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Shirley Sherrod and the Right: A Day That Will Live in Infamy

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The entire Shirley Sherrod affair is such a disgusting, stomach-churning episode of right-wing lies, propagandists posing as "journalists," and craven political cowardice and gullibility, that it's hard to know who to be most enraged at.

Andrew Breitbart, a particularly vile propagandist of the American right who severely edited a videotape of a speech by the Agriculture Department official to falsely label her an anti-white racist? Fox News, several of whose miserable excuses for journalists relentlessly plugged the entirely false story before and after Sherrod was fired? Agriculture Secretary Tom Vilsack, who had a minion call Sherrod on a cell phone and insist that she pull over to the side of the road and text in her resignation before any of the relevant background facts about the "scandal" emerged? The White House, which, apparently frightened of appearing in any way linked to black racism, stood by the essentially forced resignation even when it became clear that Sherrod's speech was nothing like what Breitbart suggested? Even the NAACP acted poorly in this sorry episode, saying it was "appalled" by Sherrod's words and later "concurring" with her firing. (To its credit, the civil rights group quickly recognized its error, retracting its comments yesterday and saying it had been "snookered" by Breitbart and Fox's falsehoods.)

Here's the story in brief, for those few people who still don't know about it. On Monday, Breitbart -- the same loathsome character who publicly called Ted Kennedy a "pile of human excrement" a few hours after the senator's death -- aired a video of Sherrod speaking to an NAACP banquet in Georgia last March. In his edited version, Sherrod is shown talking about initially not wanting to help a white man who was facing the loss of his farm because of her anger toward white racists. But the tape presented by Breitbart, who was furious about the NAACP's recent criticism of racism within the ranks of the Tea Parties, left out the crucial conclusion of what was really Sherrod's tale of redemption -- that in the course of the 1986 case she was discussing, she came to realize that "the struggle is really about poor people," and that her anti-white feelings were wrong. She said the case changed her entire outlook. (And in fact the farmer and his wife were all over the media yesterday, saying that Sherrod had saved their farm, was a fine and caring woman, and should get her job back.)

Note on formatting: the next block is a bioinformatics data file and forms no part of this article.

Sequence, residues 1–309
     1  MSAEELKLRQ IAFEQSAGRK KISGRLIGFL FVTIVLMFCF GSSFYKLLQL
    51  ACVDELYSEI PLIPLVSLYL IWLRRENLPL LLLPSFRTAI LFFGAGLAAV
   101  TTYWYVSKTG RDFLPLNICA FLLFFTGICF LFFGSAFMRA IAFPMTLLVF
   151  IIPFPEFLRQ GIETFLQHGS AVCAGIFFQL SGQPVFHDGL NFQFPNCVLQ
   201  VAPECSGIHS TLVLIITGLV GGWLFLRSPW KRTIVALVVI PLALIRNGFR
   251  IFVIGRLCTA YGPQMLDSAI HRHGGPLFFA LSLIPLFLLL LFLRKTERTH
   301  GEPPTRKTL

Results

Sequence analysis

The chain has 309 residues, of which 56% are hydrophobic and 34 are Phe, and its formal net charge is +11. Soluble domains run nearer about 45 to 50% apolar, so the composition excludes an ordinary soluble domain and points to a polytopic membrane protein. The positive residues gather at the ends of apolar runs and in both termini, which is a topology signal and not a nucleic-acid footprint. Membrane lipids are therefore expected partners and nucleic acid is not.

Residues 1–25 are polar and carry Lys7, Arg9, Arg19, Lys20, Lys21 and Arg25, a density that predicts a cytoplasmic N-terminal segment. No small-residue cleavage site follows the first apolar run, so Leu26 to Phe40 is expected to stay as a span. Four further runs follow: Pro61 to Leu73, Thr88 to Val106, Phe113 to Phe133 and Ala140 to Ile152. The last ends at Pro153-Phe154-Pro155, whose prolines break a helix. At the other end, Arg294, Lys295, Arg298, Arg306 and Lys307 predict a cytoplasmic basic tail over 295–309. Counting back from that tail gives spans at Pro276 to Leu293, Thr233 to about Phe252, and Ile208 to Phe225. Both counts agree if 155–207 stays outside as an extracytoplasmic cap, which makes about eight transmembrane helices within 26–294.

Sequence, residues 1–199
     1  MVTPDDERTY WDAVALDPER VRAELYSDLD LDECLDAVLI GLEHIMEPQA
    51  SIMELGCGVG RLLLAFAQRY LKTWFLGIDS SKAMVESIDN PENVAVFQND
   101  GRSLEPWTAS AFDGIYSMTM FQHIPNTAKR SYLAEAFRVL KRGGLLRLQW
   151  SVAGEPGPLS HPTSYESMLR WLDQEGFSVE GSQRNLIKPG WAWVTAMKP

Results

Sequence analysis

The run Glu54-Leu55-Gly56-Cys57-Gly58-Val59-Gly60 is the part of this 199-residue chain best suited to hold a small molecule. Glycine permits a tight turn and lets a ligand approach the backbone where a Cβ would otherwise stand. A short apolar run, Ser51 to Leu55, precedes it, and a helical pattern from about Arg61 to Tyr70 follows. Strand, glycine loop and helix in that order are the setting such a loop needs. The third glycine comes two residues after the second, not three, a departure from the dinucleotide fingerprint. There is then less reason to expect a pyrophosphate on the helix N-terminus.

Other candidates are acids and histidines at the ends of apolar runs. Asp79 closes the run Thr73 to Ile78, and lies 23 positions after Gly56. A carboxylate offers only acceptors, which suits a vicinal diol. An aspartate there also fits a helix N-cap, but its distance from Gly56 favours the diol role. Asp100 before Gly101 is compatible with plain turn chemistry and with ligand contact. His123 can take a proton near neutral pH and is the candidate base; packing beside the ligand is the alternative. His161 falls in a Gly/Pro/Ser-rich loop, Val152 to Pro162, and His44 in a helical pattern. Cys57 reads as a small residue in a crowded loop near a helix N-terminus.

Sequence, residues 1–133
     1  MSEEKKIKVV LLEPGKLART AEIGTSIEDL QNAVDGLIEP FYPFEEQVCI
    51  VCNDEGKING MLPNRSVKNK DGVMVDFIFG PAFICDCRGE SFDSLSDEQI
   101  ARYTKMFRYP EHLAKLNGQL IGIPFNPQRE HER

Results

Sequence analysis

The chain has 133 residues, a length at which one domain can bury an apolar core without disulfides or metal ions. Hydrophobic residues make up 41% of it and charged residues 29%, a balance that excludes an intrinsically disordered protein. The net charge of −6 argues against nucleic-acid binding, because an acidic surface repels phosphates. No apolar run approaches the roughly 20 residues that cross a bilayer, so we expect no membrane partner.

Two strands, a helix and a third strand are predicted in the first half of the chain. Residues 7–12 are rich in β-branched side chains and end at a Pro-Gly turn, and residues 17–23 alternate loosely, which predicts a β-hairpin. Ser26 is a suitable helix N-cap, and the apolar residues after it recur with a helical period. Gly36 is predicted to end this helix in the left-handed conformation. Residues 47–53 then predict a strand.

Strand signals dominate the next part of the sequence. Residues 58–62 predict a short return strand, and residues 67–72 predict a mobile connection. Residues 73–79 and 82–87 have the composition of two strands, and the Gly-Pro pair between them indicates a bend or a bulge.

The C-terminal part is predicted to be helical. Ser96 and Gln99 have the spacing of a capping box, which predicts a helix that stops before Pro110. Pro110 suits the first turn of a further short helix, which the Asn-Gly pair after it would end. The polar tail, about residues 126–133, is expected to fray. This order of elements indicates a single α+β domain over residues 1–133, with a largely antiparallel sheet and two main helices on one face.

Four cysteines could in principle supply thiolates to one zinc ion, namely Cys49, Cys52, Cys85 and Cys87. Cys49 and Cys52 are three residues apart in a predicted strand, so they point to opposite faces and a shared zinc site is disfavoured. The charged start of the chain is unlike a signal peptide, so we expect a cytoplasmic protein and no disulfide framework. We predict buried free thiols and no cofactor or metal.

FoxNews.com and Fox Nation, both parts of Fox News, immediately picked up Breitbart's fairy tale and began plugging it, as did Fox News' Bill O'Reilly (who demanded Sherrod's resignation in taped comments run after she quit) and a number of other right-wing media outlets. (Many of these reports, following Breitbart, claimed that Sherrod's actions in the 1986 case had occurred while she was an Agriculture employee -- a complete falsehood.) That prompted Vilsack to have her thrown out of her job as the department's director of rural development in Georgia -- an act that Washington Post columnist Richard Cohen rightly described today as pure political "cowardice." Vilsack didn't bother to hear Sherrod's side of the story first, and he didn't watch the full videotape. Incredibly, even as the true story began to emerge, Vilsack said he was sticking by Sherrod's ouster, because, "rightly or wrongly," perceptions about her comments could make her job more difficult. Then, early this morning, the Associated Press quoted an unnamed White House official saying President Obama had been briefed on the situation but was supporting Vilsack's decision.